The new Congress has yet to unveil its full agenda, but lobbyists and observers see one issue they'll likely confront: what to do about rising gasoline prices.
Pump prices have jumped during the last six weeks and some experts predict that they will continue to climb. Former Shell Oil president John Hofmeister predicts that increased worldwide demand and lack of production could push gas prices in the United States to $5 a gallon by 2012, The New York Times reported.
Several energy economists and forecasters disagree with that prediction, but it foreshadows the kind of rhetoric the new Congress will face. Oil companies and their trade group are rolling out a campaign to push for more production, said Tyson Slocum, director of Public Citizen's energy program.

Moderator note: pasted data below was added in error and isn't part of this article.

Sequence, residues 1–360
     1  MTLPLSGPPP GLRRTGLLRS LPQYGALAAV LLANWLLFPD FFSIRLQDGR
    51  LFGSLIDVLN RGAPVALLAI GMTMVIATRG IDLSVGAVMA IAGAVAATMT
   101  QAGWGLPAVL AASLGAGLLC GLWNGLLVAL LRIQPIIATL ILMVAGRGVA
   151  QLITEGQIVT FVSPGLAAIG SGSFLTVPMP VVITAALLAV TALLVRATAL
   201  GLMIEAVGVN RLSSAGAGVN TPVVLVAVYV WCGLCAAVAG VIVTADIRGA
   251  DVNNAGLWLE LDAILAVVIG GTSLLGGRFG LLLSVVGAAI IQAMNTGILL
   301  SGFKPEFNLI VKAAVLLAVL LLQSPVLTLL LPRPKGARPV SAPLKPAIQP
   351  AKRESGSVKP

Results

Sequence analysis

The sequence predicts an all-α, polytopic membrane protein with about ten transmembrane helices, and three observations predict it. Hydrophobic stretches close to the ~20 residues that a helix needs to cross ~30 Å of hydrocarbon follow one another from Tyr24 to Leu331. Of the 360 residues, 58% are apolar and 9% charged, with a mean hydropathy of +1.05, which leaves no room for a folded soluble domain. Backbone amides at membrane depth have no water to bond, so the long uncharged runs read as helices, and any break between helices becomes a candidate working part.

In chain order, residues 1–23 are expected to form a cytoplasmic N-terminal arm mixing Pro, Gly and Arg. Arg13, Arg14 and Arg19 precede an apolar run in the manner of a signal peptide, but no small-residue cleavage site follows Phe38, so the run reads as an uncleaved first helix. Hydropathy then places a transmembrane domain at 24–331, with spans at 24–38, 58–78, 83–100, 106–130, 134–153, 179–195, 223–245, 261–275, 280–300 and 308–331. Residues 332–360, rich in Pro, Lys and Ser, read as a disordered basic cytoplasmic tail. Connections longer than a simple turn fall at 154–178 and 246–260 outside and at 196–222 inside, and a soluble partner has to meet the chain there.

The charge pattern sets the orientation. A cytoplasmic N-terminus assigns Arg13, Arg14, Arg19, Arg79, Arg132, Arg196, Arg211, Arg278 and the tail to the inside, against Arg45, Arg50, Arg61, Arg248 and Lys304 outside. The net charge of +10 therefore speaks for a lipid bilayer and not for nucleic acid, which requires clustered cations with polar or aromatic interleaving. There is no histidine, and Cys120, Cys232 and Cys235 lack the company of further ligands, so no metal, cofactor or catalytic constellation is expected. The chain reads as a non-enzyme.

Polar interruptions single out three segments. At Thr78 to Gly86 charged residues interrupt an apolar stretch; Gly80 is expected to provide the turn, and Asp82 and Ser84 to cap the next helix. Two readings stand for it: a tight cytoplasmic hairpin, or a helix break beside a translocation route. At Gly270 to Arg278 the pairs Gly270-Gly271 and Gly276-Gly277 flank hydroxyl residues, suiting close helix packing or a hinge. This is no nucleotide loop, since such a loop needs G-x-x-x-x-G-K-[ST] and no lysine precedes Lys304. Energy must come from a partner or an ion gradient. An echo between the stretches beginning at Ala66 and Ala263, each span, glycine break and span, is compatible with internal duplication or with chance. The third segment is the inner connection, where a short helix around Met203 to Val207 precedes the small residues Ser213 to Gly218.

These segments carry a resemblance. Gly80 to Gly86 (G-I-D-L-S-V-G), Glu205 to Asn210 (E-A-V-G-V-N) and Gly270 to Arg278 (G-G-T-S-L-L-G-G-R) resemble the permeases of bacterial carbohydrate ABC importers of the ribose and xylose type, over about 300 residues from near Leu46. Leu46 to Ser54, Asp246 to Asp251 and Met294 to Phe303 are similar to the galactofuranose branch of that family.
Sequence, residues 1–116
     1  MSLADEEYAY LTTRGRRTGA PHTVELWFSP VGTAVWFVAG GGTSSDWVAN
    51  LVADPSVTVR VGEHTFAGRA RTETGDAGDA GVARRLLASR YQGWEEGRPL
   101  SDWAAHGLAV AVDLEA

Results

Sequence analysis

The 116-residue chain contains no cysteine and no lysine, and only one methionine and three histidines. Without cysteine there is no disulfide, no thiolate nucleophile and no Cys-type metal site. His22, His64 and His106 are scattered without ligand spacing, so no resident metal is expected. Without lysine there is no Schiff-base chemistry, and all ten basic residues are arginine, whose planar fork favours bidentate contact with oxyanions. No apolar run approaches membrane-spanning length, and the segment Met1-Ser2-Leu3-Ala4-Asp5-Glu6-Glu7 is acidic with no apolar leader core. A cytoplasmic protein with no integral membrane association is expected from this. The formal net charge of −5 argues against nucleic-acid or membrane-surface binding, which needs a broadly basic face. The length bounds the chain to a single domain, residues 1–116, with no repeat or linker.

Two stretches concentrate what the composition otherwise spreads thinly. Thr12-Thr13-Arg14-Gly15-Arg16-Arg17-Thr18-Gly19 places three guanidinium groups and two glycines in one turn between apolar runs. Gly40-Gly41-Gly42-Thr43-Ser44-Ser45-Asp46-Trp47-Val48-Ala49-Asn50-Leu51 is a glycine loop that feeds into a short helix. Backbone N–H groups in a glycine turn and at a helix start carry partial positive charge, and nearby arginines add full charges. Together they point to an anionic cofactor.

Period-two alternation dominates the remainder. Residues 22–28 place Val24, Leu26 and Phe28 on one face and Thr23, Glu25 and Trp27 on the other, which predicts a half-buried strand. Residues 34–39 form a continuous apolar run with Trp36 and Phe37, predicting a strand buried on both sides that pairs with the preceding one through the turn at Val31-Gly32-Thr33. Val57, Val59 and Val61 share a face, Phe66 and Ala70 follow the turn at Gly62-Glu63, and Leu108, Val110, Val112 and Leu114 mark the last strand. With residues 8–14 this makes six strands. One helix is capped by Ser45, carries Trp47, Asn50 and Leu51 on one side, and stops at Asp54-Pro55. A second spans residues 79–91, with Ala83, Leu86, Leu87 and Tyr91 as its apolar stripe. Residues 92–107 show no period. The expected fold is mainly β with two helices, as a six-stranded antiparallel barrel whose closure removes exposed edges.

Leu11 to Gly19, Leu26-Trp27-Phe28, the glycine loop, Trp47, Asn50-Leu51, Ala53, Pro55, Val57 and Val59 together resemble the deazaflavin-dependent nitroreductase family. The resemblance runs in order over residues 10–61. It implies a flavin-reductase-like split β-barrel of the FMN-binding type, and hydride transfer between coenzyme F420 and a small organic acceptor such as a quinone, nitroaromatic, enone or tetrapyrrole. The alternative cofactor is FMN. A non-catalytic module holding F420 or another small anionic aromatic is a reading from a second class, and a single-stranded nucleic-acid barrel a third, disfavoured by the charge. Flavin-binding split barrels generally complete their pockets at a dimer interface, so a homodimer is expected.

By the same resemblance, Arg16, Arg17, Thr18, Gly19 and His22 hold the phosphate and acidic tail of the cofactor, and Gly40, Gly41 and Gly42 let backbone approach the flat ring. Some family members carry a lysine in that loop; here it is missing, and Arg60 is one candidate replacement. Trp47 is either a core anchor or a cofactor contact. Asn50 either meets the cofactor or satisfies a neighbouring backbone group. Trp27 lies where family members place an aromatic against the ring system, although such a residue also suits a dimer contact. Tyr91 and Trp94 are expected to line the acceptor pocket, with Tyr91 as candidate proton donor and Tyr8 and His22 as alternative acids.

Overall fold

"They're going to say we need an energy plan that focuses on fully developing U.S. energy," Slocum told the newspaper. "That means opening up more areas to offshore drilling and ensuring that we preserve the existing array of tax breaks and subsidies."
The national average price for gasoline hit $3.12 a gallon on Wednesday, up 21 cents from the post-Thanksgiving price on Nov. 29. Crude oil closed at $91.53 a barrel, up from $80.79 on Nov. 23.